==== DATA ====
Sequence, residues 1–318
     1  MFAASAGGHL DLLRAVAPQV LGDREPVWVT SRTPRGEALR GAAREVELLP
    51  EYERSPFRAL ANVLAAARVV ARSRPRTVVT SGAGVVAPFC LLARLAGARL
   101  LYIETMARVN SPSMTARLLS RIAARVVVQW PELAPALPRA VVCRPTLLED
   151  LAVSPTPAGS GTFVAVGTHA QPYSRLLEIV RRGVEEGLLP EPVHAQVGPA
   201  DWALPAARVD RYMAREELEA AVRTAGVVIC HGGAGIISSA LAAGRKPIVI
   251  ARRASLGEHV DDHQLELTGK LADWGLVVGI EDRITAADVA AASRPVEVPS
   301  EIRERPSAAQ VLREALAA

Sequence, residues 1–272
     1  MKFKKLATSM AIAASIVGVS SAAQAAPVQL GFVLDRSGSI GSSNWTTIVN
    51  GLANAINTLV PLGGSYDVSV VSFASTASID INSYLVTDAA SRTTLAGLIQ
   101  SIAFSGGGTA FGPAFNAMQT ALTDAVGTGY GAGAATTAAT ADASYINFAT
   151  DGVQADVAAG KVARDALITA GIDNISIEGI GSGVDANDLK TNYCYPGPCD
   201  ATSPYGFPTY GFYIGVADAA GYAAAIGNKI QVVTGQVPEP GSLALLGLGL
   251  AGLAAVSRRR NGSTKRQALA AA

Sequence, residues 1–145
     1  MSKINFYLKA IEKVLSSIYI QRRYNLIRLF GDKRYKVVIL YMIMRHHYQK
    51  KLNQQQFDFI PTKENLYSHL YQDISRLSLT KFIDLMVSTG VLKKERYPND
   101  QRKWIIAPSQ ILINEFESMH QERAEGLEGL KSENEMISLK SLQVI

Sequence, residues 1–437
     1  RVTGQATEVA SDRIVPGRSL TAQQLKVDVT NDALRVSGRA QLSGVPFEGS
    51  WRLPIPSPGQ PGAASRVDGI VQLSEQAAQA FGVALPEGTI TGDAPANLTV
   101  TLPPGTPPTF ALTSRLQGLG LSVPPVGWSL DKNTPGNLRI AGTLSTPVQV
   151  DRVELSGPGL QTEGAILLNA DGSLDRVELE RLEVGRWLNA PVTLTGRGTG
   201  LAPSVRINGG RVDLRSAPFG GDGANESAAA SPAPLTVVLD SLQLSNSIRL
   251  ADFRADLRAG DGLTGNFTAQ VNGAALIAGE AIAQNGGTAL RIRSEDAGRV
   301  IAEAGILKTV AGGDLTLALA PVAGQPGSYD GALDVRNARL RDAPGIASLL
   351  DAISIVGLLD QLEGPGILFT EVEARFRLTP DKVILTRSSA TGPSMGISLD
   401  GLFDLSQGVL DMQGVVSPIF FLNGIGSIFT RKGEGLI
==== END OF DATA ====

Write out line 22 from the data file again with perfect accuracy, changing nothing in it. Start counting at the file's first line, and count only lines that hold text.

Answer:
    51  WRLPIPSPGQ PGAASRVDGI VQLSEQAAQA FGVALPEGTI TGDAPANLTV